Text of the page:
“The idea is not to live forever, it is to create something that will.”
– Andy Warhol
All of Jose Manuel’s businesses are intervened and seized by the communist regime. In 1968, Castro’s regime enacts, “La Ofenciva Revolucionaria” law, which unequivocally ends private ownership rights for Cubans.
Díaz-Bonilla’s father boards a raft headed to Florida, but is caught before reaching freedom. He is imprisoned.
In 1956, Janet’s grandfather, Jose Manuel Diaz, affectionately known as “Manolo,” sells his first market called La Favorita, one of the most well-regarded and recognized establishments of its time in Artemisa, Cuba. With profits from the sale, he purchases three other businesses: a bakery and bread shop called La Reina (his wife’s nickname) and a market called Casa Manolo, primarily known for its fine liquors and liqueurs. Manolo hand-picked every spirit sold at Casa Manolo, as each had to meet his high-quality standards. He had begun to build a legacy for his family, but their success would be short-lived. New Year’s Eve, 1958, initiated unforgettable events orchestrated by a ruthless dictator who callously stole the aspirations and legacies of many Cuban families. By 1963, all of Jose Manuel’s businesses had been intervened and seized by the communist regime.
Without anything to their name, many families fled Cuba; however, those with sons close to military age, as was the case for the Díaz family, were not as fortunate.
In 1970, Janet’s father was about to graduate from the university when he boarded a raft headed to the United States, but was caught before reaching his freedom. After being imprisoned, and upon his release refusing to work for the government, the Cuban regime forbade him from graduating or pursuing an education in any field. He was branded a “traitor” and labeled a political prisoner; a badge he wears to this day with utmost honor.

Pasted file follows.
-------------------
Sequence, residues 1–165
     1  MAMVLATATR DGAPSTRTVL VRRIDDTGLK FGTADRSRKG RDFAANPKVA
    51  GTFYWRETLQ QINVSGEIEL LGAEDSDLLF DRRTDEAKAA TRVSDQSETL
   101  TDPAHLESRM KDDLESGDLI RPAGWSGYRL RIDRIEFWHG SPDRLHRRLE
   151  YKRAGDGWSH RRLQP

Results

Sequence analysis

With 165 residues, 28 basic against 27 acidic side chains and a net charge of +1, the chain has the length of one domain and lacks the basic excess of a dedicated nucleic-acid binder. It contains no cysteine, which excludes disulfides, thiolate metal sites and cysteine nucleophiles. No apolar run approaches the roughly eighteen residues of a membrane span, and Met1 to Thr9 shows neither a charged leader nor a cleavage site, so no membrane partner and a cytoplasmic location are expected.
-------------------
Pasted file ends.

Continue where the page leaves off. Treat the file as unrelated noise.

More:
April 1st, 1980, initiated a political tidal wave with thousands of Cubans swarming the Peruvian embassy, begging for political asylum, due to Castro’s tyrannic hold on the island. This movement provoked an exodus known today as The Mariel Boatlift. May 16th, 1980, at just six years old, Janet, along with her parents, Pedro and Elsa Diaz, journeyed from the Mariel Port in Mariel, Cuba, to Key West, Florida, across the Florida Straits. A voyage which endured seventeen hours at sea, in the dark of night, during a death-defying storm. Upon arrival at Key West on May 17th, 1980, and like many other Cuban families without someone to “claim” them, the family was transferred for further processing to a holding camp at former Army base Fort Chaffee in Sebastian County, Fort Smith, Arkansas. They were held at Fort Chaffee for a harrowing fifty-three days, and would not be awarded their freedom until July 8th, 1980.
“Growing up without my beloved grandfather was a high price to pay for my freedom. In many ways this brand is also an homage to him, and to all of us who sacrificed so much for the birthright of being free. We all have our story, and sometimes we can’t change the outcome of our life’s trajectory. We can, however, reflect on our circumstances, find value in our experiences, and transcend toward a legacy.”